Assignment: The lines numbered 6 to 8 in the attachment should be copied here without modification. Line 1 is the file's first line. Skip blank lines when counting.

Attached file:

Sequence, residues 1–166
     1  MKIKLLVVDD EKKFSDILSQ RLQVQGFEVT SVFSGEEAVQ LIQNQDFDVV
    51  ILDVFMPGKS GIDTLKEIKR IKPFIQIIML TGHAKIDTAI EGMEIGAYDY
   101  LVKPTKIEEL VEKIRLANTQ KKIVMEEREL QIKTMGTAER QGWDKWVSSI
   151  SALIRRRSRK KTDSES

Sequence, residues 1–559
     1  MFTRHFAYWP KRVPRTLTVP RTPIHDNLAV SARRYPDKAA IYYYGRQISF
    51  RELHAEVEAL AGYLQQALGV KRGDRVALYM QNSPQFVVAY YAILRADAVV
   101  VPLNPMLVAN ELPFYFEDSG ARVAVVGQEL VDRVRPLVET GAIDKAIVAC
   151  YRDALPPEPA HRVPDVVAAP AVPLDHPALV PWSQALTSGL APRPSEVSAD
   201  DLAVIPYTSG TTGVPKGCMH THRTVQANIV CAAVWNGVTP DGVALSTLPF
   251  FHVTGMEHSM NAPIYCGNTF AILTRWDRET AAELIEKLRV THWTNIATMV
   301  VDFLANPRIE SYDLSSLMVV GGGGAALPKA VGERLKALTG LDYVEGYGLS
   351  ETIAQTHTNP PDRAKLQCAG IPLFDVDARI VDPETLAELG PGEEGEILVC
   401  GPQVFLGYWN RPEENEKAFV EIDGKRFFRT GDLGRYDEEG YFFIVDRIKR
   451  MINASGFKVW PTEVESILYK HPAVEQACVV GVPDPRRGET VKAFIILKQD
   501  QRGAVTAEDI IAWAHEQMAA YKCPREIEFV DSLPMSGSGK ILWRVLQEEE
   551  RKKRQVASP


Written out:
Sequence, residues 1–559
     1  MFTRHFAYWP KRVPRTLTVP RTPIHDNLAV SARRYPDKAA IYYYGRQISF
    51  RELHAEVEAL AGYLQQALGV KRGDRVALYM QNSPQFVVAY YAILRADAVV